Aspiring low-cost start-up Akasa Air placed its very first aircraft order, straight from Boeing, in the shape of a fleet of 72 737 MAX jets.
The news out of the Dubai Air Show is coming thick and fast. Optimism in aviation, plus the fact that we’ve had a two-year gap from such commercial air shows, means that companies fight each other in announcing the biggest scoop. And it seems that Rakesh Jhunjhunwala, aka “India’s Warren Buffett”, chose this venue to launch his new airline.
The launch of the airline has been a news story in India for some time. And we first heard of a possible order of around 80 737 MAX aircraft from Akasa, last August. This was when India’s aviation authorities ungrounded the type. Obviously, this was a significant milestone, given the country’s size and market. Akasa got clearance to start operations last October.
Order Details (or lack thereof?)
In its final form, the order is for 72 aircraft. But interestingly, they are of two different types. The Akasa order includes both the 737-8 and the 737-8-200, two similar 737 MAX variants. The latter is a higher-density variant of the 737-8, for up to 197 seats (instead of 189). This is possible thanks to a different interior, with a reconfigured rear galley, plus more emergency exits.
But the Akasa 737 MAX order is interesting thanks to the details it does not include. We don’t know what numbers of aircraft from each type the order includes. This isn’t entirely surprising; other Boeing orders lacked this kind of detail. But we also don’t have a delivery time frame for each type. We do know that Akasa Air wants to start operations in summer 2022. This is quite close, suggesting that some of the 737-8s could be former white-tails, i.e. cancelled orders.
This would explain the mix of two aircraft types. The 8-200 may well be the preferred type of the 737 MAX for Akasa. But there are no airlines that have cancelled orders for this type. So far, the airlines that have orders for this MAX variant are Ryanair (and its subsidiaries) plus Vietnam’s VietJet. Flair in Canada has also shown interest in this variant.
Beyond Akasa – More Boeing 737 MAX, Airbus A220/320 orders
The Akasa order is so far the biggest to come for the 737 MAX, but not the only one. Air Tanzania placed an order for a 787-8, a 767-300 freighter and two 737 MAX aircraft. The announcement did not specify the variant of the latter. Also, we saw an announcement regarding another startup, called Lynx Air, in Calgary, Canada. We have no further details about the company as of this writing. But their website prominently features a 737-8.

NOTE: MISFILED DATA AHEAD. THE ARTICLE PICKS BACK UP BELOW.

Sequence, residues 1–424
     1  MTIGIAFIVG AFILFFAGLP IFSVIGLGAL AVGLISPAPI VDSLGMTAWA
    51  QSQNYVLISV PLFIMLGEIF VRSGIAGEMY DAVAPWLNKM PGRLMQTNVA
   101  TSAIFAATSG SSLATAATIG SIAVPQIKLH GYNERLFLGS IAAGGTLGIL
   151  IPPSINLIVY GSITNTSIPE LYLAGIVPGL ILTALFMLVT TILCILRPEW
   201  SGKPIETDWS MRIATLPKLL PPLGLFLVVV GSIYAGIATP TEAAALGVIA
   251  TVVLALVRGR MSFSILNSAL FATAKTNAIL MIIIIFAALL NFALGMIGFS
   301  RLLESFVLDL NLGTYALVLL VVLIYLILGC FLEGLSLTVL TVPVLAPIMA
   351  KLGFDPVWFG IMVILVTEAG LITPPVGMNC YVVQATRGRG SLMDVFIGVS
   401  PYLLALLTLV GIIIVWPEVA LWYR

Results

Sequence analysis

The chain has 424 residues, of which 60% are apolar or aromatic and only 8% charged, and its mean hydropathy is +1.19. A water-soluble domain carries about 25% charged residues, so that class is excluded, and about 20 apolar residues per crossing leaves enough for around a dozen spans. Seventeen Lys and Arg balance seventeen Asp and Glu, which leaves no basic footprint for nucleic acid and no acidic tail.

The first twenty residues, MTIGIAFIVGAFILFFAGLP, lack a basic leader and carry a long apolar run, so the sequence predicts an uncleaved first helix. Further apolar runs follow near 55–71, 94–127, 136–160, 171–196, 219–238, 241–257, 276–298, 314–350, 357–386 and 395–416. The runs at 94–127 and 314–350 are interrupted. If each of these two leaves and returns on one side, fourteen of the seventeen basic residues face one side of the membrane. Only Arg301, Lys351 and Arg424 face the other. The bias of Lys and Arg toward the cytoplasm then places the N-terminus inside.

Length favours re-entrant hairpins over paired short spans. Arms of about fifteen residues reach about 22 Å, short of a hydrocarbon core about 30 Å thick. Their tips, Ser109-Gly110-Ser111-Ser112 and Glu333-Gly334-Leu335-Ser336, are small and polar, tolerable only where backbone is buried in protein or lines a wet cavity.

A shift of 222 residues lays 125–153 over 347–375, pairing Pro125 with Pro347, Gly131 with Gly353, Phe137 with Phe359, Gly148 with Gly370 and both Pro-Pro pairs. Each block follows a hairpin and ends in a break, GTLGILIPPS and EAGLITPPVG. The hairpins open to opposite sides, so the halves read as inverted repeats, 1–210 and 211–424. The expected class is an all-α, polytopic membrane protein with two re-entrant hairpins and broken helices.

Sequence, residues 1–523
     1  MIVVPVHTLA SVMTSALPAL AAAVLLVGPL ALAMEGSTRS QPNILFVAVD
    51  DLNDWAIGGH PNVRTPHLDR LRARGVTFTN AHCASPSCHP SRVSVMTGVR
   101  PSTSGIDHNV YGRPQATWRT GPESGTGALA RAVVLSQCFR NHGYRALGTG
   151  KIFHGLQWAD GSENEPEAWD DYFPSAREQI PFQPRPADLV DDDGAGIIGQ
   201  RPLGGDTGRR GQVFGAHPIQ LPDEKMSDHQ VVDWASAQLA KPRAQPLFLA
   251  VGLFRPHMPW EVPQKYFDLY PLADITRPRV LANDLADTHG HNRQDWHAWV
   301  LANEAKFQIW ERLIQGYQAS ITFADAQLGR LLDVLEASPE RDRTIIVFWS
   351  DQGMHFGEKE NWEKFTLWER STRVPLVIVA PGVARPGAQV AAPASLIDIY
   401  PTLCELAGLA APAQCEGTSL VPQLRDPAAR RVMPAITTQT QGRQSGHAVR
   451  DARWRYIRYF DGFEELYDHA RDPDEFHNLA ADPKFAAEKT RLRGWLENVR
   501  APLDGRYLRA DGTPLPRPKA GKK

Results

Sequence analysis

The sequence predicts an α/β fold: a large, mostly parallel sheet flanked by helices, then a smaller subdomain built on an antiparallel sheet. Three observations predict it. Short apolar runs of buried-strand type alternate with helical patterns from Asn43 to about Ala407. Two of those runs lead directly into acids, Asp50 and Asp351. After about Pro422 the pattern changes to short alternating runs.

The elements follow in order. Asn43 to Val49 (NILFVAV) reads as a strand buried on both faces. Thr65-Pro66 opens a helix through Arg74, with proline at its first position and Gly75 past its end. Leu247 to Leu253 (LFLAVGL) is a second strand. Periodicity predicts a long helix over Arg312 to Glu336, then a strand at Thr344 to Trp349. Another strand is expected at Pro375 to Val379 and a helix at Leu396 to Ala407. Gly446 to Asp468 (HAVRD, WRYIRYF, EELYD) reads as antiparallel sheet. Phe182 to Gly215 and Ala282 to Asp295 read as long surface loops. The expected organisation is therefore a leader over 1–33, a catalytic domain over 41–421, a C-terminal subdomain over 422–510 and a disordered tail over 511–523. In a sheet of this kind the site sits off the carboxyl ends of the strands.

Airbus, too, has had a decent Dubai Air Show. In addition to yesterday’s freighter news, the manufacturer sold 28 A320neo-family aircraft to Jazeera Airways. 20 of these will be A320neos, the remaining 8 being A321neos. Nigeria’s Ibom Air also ordered 10 A220s: 3 A220-100s and 7 A220-300s. The airline previously leased a pair of A220-300s from Egypt Air, to try them out.
For Boeing, the Akasa 737 MAX order marks almost a return to India. The manufacturer hasn’t fared well in this country, compared to Airbus. The demise of Jet Airways meant that Boeing’s only low-cost customer in the country is SpiceJet. The American manufacturer previously focused its Indian aviation market efforts on widebodies. But India’s airlines have a surprisingly small amount of these jets, with single-aisles ruling supreme.
The return of the 737 MAX to the skies in India and elsewhere allows Akasa Air to make its 2022 summer plans. But elsewhere, Singapore Airlines still hasn’t started flying its MAX fleet. The type is ungrounded in Singapore. However, this means little, if the type can’t land at the airline’s destination countries. But Singapore now states that it expects to fly the type before the end of the year.
Spyros Georgilidakis has degrees in Business Enterprise and Management. He has 14 years of experience in the hospitality and travel industries, along with a passion for all-things-aviation and travel logistics. He is also an experienced writer and editor for on-line publications, and a licensed professional drone pilot.